It is the government’s responsibility to provide the basic human right of education, as both employees and employers do not necessarily have the expertise or resources to enforce awareness on complex business such as employment law.
Employment law education should be the responsibility of government because, in the long run, it will save government both money and time in taking dishonest employers to court. That is, if every employee becomes educated, it is far less likely that they will be taken advantage of, which means there will be less need for costly investigations. The authoritative position of government in formalizing knowledge on employment rights, would lessen ambiguity and uncertainty around employment knowledge, that otherwise currently exists within Aotearoa society. Employers would no longer be able to pervert ambiguity and uncertainty as the mechanism to exploiting their workers.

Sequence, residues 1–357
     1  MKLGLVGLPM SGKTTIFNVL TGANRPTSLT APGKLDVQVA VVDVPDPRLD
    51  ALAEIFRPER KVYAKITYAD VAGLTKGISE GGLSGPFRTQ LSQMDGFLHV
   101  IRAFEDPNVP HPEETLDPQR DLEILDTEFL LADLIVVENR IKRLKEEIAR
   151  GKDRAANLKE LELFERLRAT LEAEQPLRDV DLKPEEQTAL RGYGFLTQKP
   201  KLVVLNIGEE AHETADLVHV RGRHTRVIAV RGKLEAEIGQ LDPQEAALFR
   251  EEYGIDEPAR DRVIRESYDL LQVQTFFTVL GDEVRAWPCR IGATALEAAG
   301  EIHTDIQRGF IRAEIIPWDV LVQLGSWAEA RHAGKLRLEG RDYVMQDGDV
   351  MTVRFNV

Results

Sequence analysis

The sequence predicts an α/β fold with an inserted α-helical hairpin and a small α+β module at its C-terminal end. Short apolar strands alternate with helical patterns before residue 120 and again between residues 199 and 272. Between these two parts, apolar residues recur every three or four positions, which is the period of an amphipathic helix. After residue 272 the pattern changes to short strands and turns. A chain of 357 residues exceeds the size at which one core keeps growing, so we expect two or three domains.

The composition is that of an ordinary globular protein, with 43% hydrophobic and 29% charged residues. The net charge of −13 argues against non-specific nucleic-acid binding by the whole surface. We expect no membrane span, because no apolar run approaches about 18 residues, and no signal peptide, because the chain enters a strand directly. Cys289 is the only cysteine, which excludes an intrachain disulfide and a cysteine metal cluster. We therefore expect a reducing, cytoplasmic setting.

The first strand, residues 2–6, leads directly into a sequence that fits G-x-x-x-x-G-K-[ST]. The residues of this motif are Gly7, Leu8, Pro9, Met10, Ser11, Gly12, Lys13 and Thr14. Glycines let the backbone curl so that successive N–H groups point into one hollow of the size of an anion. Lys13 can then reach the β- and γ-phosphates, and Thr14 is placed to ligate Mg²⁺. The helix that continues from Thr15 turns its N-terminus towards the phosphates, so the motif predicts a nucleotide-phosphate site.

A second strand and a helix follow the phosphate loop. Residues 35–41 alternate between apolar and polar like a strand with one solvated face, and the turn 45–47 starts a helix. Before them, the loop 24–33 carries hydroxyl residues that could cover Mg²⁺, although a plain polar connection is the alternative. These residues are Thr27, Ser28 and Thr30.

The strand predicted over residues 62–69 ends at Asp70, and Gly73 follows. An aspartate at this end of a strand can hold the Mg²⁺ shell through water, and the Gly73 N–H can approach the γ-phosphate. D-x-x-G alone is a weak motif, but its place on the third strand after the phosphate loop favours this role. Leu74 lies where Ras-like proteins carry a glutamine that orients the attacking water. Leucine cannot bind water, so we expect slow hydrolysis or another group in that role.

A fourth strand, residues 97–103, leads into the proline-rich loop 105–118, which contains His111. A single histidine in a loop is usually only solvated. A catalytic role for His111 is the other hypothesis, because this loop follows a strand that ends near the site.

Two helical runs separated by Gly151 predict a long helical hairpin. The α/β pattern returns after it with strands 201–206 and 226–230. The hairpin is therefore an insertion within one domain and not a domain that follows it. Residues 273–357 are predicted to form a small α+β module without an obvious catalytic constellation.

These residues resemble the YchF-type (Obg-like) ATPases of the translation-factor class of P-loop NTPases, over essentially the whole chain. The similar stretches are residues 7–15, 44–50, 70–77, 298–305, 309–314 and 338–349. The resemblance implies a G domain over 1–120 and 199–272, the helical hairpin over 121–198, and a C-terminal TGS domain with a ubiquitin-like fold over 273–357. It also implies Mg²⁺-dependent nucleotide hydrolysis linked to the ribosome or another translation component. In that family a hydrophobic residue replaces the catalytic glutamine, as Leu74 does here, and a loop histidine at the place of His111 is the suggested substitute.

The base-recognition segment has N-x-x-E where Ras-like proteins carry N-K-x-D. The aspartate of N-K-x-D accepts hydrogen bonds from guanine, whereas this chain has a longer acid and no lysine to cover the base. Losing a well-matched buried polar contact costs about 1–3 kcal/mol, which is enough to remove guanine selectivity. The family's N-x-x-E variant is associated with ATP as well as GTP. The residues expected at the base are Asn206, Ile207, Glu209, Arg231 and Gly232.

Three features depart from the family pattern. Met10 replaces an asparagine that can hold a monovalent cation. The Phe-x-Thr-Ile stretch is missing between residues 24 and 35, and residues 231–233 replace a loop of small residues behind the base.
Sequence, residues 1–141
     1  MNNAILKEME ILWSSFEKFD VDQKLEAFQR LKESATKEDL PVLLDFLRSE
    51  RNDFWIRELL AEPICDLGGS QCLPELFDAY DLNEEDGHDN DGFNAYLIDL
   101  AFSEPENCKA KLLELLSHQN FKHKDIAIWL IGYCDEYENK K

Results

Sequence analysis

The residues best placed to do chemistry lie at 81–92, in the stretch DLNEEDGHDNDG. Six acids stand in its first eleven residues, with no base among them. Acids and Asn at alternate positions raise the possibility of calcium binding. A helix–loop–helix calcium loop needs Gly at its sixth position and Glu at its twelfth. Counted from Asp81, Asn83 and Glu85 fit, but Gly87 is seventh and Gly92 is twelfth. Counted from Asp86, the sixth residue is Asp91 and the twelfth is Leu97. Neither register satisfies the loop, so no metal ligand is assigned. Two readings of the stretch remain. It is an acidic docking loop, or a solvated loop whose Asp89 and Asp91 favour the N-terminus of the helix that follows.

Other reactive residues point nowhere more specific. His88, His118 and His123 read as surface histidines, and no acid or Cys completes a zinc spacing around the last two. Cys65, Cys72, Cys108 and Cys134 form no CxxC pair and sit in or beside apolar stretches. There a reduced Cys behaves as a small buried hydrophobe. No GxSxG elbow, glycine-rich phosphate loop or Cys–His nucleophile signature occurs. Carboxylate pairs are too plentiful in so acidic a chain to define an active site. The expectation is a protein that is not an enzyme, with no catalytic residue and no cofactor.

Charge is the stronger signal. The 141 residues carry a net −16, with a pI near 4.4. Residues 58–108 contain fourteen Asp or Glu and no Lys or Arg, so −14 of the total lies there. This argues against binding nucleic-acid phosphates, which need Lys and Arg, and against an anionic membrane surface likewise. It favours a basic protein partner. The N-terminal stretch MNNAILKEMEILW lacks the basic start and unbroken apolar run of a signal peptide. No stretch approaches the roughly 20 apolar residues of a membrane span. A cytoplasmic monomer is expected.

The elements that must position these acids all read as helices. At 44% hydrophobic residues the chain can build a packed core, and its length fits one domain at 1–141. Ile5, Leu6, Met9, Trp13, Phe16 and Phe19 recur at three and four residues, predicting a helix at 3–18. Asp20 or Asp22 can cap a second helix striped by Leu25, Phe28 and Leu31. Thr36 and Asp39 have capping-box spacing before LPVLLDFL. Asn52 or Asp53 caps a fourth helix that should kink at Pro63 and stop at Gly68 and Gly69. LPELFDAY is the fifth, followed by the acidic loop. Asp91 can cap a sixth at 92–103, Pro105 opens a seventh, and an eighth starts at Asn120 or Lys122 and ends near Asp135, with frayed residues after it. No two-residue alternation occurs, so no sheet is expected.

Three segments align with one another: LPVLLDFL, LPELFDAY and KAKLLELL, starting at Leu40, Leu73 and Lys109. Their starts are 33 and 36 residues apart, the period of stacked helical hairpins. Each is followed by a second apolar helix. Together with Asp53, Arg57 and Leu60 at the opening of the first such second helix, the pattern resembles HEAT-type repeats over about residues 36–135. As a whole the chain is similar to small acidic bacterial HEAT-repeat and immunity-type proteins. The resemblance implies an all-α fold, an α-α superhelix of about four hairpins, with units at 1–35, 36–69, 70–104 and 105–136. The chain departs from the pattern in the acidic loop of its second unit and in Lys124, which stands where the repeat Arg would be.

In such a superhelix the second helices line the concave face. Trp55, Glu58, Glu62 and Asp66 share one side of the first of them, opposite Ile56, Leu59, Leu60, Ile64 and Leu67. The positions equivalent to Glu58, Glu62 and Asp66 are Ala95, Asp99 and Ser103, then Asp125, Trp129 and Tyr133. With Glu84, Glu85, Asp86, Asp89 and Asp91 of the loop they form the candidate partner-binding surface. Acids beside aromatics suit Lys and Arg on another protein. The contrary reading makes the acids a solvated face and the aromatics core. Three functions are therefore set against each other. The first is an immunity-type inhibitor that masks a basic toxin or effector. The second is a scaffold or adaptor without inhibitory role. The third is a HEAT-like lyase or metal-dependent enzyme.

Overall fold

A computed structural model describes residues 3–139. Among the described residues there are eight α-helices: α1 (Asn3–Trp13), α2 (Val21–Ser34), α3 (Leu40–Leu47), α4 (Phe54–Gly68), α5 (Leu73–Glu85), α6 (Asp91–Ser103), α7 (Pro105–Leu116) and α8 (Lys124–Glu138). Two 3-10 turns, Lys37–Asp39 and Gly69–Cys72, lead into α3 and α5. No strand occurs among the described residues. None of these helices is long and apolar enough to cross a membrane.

Government does not need to spend huge amounts of money and time on educating the workforce on employment law. There are many lower-cost, lower-effort ways to getting the message out. Free online/correspondence courses and printed material are some examples of ways to enforce education, as opposed to the stigma of education as being limited to only expensive options. The social cost (repercussions) of not educating the workforce of their rights is much higher than the economic cost of providing people with, in the least, a simple understanding of their rights.